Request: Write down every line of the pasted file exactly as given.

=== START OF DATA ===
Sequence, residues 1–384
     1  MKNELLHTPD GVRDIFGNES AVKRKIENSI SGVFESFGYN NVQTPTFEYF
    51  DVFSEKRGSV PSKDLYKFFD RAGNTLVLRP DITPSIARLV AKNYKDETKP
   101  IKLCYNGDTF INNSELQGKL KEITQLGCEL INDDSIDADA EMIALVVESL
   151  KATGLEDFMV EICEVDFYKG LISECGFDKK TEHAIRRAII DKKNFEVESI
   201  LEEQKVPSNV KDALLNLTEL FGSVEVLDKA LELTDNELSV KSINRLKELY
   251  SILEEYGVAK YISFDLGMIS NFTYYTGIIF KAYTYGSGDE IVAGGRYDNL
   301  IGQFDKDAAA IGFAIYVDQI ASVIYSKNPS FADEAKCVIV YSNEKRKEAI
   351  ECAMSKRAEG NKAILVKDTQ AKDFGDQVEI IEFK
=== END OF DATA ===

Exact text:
Sequence, residues 1–384
     1  MKNELLHTPD GVRDIFGNES AVKRKIENSI SGVFESFGYN NVQTPTFEYF
    51  DVFSEKRGSV PSKDLYKFFD RAGNTLVLRP DITPSIARLV AKNYKDETKP
   101  IKLCYNGDTF INNSELQGKL KEITQLGCEL INDDSIDADA EMIALVVESL
   151  KATGLEDFMV EICEVDFYKG LISECGFDKK TEHAIRRAII DKKNFEVESI
   201  LEEQKVPSNV KDALLNLTEL FGSVEVLDKA LELTDNELSV KSINRLKELY
   251  SILEEYGVAK YISFDLGMIS NFTYYTGIIF KAYTYGSGDE IVAGGRYDNL
   301  IGQFDKDAAA IGFAIYVDQI ASVIYSKNPS FADEAKCVIV YSNEKRKEAI
   351  ECAMSKRAEG NKAILVKDTQ AKDFGDQVEI IEFK